Meadow bottle gentian

My friends and I were deep in a local forest looking for some gentains (Gentianaceae), which bloom in late summer in New York. I had heard that there were gentians in the area so we walked along the road looking for potential habitats. We found a grassy opening and searched around for interesting creatures and plants. My two friends are entomologists, so they were looking at the last few monarch caterpillars munching on common milkweed (Asclepias syriaca, Apocynaceae). I was following them toward the milkweed spot until I saw a glint of blue, a common color for native gentians in the Northeast. Once I walked over, I saw a patch of meadow bottle gentians (Gentiana clausa)!

 Closed blue flowers that flower in late summer are indicative of bottle gentians (Gentiana clausa, Gentianaceae)

The meadow bottle gentians can be identified by flowers that never open and opposite (paired) leaves. If you carefully squish the flowers, you can see the fringes at the edges of the flowers. If it is a meadow bottle gentian, the edges have a few fringes (Go Botany: Gentiana clausa).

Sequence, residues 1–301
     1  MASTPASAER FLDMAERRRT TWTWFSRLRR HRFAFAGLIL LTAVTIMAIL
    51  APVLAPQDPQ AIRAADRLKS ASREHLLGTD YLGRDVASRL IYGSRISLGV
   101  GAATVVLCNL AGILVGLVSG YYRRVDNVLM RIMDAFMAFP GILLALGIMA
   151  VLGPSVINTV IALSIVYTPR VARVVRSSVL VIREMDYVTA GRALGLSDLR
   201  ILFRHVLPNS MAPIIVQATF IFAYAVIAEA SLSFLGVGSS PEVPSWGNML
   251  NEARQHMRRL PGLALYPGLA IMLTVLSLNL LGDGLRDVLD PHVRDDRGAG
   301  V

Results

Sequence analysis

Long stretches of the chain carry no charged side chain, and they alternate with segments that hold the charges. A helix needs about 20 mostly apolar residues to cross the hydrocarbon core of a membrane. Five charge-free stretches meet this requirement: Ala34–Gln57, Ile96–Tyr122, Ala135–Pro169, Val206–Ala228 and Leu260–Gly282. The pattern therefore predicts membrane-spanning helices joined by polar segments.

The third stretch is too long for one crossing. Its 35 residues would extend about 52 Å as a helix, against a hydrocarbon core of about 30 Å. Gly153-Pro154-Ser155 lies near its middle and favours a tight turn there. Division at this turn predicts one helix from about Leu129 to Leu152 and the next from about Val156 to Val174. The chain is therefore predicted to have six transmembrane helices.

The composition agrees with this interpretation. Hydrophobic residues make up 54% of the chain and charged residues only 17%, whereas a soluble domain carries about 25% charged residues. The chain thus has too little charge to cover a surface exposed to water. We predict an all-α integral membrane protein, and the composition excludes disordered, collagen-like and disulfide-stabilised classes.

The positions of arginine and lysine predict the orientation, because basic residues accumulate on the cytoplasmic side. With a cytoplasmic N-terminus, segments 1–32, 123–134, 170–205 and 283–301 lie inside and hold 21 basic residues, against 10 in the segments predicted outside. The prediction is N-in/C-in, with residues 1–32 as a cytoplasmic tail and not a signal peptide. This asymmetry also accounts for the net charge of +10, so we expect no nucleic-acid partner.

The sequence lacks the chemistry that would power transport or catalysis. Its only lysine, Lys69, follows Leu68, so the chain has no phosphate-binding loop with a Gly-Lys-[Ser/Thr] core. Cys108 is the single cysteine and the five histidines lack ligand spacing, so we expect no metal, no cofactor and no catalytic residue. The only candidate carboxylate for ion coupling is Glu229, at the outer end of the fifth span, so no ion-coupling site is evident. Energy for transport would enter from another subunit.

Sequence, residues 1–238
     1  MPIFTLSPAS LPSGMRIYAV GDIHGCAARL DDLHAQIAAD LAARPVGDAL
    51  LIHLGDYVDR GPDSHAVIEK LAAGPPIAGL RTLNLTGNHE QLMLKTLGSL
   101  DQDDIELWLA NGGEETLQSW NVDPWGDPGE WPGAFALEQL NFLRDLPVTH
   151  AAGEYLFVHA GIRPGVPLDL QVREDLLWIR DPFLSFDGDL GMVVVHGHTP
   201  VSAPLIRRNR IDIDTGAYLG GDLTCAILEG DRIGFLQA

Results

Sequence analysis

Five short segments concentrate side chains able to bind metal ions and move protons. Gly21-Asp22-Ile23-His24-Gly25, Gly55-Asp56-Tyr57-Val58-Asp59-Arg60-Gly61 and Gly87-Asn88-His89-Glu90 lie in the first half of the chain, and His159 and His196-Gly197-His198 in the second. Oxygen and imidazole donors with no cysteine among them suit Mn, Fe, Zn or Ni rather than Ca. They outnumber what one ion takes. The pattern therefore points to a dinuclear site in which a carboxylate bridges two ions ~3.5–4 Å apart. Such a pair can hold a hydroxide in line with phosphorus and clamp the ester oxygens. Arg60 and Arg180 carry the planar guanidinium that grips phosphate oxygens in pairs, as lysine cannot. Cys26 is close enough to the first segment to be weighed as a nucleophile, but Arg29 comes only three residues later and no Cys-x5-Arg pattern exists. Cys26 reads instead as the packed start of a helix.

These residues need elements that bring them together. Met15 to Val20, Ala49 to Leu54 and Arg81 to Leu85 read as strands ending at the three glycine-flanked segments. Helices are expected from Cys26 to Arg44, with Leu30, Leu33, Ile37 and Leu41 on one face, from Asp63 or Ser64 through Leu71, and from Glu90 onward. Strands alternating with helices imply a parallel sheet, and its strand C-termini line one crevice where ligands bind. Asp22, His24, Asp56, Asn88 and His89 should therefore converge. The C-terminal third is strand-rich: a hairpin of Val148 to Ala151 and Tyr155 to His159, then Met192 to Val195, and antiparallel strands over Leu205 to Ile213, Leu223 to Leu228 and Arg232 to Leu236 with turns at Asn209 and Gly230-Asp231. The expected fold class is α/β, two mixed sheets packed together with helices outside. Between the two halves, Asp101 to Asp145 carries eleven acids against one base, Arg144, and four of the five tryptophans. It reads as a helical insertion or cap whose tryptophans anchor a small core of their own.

Meadow bottle gentians have a few lobes on the edge of the flowers (Gentiana clausa, Gentianaceae)

The specific epithet ‘clausa’ means closed, describing the flowers. Meadow bottle gentians do not open their flowers, even at maturity. Insect pollinators must be strong enough to force their way inside to gather nectar and pollen. Bumblebees are common pollinators as they have the size and strength to do so (Go Botany: Gentiana clausa).

These closed flowers prevent all but the strongest pollinators from entering (Gentiana clausa, Gentianaceae)

This species is found in diverse habitats, including disturbed areas, floodplains, forests, meadows, and fields (Go Botany: Gentiana clausa). Meadow bottle gentians are found from Maine and Quebec south to North Carolina, and west to Tennessee and Ohio (USDA Plants: Gentiana clausa). This species is listed as a species of concern in Rhode Island and exploitably vulnerable in New York (Go Botany: Gentiana clausa, USDA Plants: Gentiana clausa).

The meadow bottle gentians were growing in an open field, which is maintained by mowing (Gentiana clausa, Gentianaceae)

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